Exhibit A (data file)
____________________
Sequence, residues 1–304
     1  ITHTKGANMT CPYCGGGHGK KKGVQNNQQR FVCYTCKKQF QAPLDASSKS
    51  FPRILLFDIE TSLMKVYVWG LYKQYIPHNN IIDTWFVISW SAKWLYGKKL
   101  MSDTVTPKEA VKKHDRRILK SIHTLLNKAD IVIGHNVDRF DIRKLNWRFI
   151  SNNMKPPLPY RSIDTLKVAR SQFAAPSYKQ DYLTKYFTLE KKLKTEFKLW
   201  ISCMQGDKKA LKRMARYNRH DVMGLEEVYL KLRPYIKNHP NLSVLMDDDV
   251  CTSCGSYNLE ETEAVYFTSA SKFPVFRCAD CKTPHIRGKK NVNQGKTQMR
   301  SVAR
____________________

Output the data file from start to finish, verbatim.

Sequence, residues 1–304
     1  ITHTKGANMT CPYCGGGHGK KKGVQNNQQR FVCYTCKKQF QAPLDASSKS
    51  FPRILLFDIE TSLMKVYVWG LYKQYIPHNN IIDTWFVISW SAKWLYGKKL
   101  MSDTVTPKEA VKKHDRRILK SIHTLLNKAD IVIGHNVDRF DIRKLNWRFI
   151  SNNMKPPLPY RSIDTLKVAR SQFAAPSYKQ DYLTKYFTLE KKLKTEFKLW
   201  ISCMQGDKKA LKRMARYNRH DVMGLEEVYL KLRPYIKNHP NLSVLMDDDV
   251  CTSCGSYNLE ETEAVYFTSA SKFPVFRCAD CKTPHIRGKK NVNQGKTQMR
   301  SVAR